When he takes office, Donald Trump will have the power to indefinitely detain… anyone he wants. And if you thought the most alarming part about that sentence was the fact that Donald Trump is the one in power, then you’re part of the problem.
Thanks to section 1021 of the National Defense Authorization Act, the U.S. government has the power to enforce the indefinite military detention of Americans.
Thanks to Obama, this provision was signed into law with the 2012 NDAA—you know that huge, incredibly important act that is signed into law every year right around Christmas.
It wasn’t just Obama—Both the Senate and the House of Representatives had to sign off on the act before it reached his deck. Which means that not only did our congress sign off on giving the president the power to indefinitely detain American citizens in 2011, but it continued to reaffirm that power by keeping that provision in ever act since then!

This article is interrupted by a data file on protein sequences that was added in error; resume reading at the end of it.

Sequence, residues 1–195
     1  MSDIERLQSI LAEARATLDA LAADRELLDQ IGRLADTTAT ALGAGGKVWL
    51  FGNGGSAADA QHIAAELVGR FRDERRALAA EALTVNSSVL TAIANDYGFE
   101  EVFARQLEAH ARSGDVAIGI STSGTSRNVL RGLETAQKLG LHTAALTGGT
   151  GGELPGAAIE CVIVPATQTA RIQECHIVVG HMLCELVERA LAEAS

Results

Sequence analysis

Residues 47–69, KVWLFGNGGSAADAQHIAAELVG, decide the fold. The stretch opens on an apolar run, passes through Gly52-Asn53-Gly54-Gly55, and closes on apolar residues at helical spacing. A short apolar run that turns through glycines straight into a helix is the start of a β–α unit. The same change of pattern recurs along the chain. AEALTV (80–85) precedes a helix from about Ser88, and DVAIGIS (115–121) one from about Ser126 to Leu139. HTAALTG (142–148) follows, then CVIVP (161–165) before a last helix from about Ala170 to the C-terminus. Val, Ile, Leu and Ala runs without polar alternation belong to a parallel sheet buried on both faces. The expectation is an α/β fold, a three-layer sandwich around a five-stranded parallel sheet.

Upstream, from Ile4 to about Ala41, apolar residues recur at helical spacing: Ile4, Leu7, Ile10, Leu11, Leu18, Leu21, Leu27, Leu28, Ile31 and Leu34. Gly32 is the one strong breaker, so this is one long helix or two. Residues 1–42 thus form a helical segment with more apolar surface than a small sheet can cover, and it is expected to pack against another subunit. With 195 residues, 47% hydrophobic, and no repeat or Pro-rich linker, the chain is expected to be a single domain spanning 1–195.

When he signed the provision into law, Obama promised that he would never use it… and yet despite his criticism of Trump, he kept the provision when signing the 2017 NDAA, and handed it right to Trump.
Now, you may be asking, how does Congress justify this insane power? Well, they do it by using the 2001 Authorization of Military Force. You know, the same AUMF that was initially created as justification to go after anyone the U.S. government thought was associated with al-Qaeda. Now, it has been manipulated to include any individuals that the government thinks are associated with ISIS.
Basically, if the U.S. government determines that there’s a chance you might be involved with al-Qaeda or ISIS, they can legally arrest you, and send you off to Guantanamo Bay with no trial whatsoever, even if you’re an American citizen.